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Why Launching a Product is Like Training for the Olympics

David Politis

July 30, 2012

2 minute read

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2012 London Olympics Games

Image via www.london2012.com

Last Friday marked the beginning of the Olympics, two and a half weeks of the the greatest competition known to man and my hands down favorite sporting event. For many athletes, the 2012 London Olympic Games are the culmination of years of training and sacrifice and in many ways, the weeks and months leading up to the Olympics mirror the preparations of a company gearing up for a product launch.

Training

Leading up to the Olympics, an athlete will train obsessively and almost incessantly. He alters his diet, refines his technique and trains harder than ever. He develops relationships with his future teammates and scopes out the competition.

Over the last six months my team and I went to painstaking lengths to develop and produce the first version of our newest product. We put in extra hours, sacrificed our weekends…I even went on a special juice diet, all in the hopes of putting out the best product possible.

Trials

An athlete won’t make it to the Olympics without first participating in qualifying competitions. Throughout Nationals, Worlds and of course the Olympic Trials, an athlete is scrutinized and judged. Athletes and their coaches watch hours of competition and practice footage, constantly looking for ways to gain an edge, all in the hopes of getting the athlete to the Olympics.

We put our product through a similarly rigorous process with two rounds of private beta testing. Gathering criticism during this process was enlightening and sometimes heart-wrenching, particularly after the amount of time and effort we put into building our product, but just as an athlete must refine his technique to improve, we needed to refine our product after listening to the people we judge ourselves against, our customers.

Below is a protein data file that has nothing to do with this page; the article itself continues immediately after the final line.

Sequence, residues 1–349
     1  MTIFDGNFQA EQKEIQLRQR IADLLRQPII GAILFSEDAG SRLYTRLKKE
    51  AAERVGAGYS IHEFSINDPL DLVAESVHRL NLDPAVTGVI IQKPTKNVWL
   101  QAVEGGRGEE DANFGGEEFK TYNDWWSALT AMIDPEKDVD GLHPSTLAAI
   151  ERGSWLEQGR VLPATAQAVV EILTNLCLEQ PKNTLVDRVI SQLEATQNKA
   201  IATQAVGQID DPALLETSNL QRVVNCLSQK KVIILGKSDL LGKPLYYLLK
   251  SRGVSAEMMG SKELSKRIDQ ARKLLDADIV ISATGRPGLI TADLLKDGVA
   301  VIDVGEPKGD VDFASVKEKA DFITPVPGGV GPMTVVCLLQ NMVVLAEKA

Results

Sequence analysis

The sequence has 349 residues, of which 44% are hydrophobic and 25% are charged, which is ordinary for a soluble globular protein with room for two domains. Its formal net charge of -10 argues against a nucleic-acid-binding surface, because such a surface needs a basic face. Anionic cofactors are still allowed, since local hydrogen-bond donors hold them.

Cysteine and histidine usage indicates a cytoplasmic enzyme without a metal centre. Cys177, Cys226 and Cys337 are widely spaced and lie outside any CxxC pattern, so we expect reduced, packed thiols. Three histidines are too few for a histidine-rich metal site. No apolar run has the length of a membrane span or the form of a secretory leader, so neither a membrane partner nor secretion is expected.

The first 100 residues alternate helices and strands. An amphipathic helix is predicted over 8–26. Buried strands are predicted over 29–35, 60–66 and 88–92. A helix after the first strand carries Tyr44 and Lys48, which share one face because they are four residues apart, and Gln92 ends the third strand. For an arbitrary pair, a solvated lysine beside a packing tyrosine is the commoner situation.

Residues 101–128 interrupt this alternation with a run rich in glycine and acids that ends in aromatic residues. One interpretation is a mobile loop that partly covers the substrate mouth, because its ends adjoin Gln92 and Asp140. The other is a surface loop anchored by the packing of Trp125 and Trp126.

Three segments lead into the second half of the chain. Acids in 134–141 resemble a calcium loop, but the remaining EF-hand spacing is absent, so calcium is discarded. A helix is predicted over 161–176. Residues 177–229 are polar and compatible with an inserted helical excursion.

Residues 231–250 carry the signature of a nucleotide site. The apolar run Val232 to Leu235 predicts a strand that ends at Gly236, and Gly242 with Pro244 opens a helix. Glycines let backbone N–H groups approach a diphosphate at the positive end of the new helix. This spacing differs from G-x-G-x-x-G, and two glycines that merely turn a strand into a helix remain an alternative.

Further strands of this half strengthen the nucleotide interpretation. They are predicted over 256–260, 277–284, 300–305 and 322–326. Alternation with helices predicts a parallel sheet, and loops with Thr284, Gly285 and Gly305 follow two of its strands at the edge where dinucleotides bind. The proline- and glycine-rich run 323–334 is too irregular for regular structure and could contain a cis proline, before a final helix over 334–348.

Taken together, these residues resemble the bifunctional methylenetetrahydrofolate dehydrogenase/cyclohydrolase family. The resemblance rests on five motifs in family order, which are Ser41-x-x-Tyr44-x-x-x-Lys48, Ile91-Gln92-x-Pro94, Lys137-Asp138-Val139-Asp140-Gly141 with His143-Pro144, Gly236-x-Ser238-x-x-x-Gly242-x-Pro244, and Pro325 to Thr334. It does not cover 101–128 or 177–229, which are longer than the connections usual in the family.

The Opening Ceremony

The first night of the Olympics, the Opening Ceremony, introduces the Olympian to the world stage. His team is solidified, the strategy for the next two weeks is clear and media attention increases significantly. The athlete has put in the work necessary to succeed and now it’s time to focus, concentrate and stick to the plan.

Following beta testing, our product was ready for a wider audience. In this stage, we reached out to press, cemented marketing strategies and focused on spreading the word. From a technical side, the majority of the work was done, and it was time to follow through on the strategy and promote our product as best as we could.

The Big Game

After years of hard work and dedication, an athlete’s career rests on his Olympic performance, and often times on the outcome of one race. A perfect performance at the Olympic Games is the culmination of hard work, years of training and a bit of luck.

The two weeks of competition at the Olympics are similar to the first two weeks of our product launch. We’re currently in our second week and have seen our hard work pay off…for now. But unlike an athlete who may retire after one go at the Olympics, our product will have to continually evolve and improve to meet our standards, those of our competitors, and most importantly, the needs of our customers.

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